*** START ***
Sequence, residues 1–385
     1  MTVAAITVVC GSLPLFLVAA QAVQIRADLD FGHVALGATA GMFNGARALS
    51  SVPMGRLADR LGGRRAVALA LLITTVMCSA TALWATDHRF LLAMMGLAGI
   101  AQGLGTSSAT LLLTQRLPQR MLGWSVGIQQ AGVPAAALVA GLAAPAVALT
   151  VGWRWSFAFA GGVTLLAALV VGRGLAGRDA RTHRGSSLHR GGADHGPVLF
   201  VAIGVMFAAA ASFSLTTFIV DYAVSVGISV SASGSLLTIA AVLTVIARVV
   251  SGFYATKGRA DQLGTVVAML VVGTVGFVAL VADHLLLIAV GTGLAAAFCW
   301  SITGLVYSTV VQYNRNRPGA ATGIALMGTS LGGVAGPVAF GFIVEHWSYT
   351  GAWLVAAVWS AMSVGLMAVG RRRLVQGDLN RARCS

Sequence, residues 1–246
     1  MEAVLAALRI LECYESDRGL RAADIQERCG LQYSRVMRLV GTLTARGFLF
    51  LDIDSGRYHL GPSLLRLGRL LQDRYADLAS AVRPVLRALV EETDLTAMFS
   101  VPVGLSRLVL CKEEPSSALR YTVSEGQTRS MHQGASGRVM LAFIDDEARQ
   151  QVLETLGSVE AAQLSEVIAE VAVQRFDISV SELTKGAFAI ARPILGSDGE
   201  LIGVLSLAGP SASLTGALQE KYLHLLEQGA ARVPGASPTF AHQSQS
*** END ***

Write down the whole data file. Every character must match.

Sequence, residues 1–385
     1  MTVAAITVVC GSLPLFLVAA QAVQIRADLD FGHVALGATA GMFNGARALS
    51  SVPMGRLADR LGGRRAVALA LLITTVMCSA TALWATDHRF LLAMMGLAGI
   101  AQGLGTSSAT LLLTQRLPQR MLGWSVGIQQ AGVPAAALVA GLAAPAVALT
   151  VGWRWSFAFA GGVTLLAALV VGRGLAGRDA RTHRGSSLHR GGADHGPVLF
   201  VAIGVMFAAA ASFSLTTFIV DYAVSVGISV SASGSLLTIA AVLTVIARVV
   251  SGFYATKGRA DQLGTVVAML VVGTVGFVAL VADHLLLIAV GTGLAAAFCW
   301  SITGLVYSTV VQYNRNRPGA ATGIALMGTS LGGVAGPVAF GFIVEHWSYT
   351  GAWLVAAVWS AMSVGLMAVG RRRLVQGDLN RARCS

Sequence, residues 1–246
     1  MEAVLAALRI LECYESDRGL RAADIQERCG LQYSRVMRLV GTLTARGFLF
    51  LDIDSGRYHL GPSLLRLGRL LQDRYADLAS AVRPVLRALV EETDLTAMFS
   101  VPVGLSRLVL CKEEPSSALR YTVSEGQTRS MHQGASGRVM LAFIDDEARQ
   151  QVLETLGSVE AAQLSEVIAE VAVQRFDISV SELTKGAFAI ARPILGSDGE
   201  LIGVLSLAGP SASLTGALQE KYLHLLEQGA ARVPGASPTF AHQSQS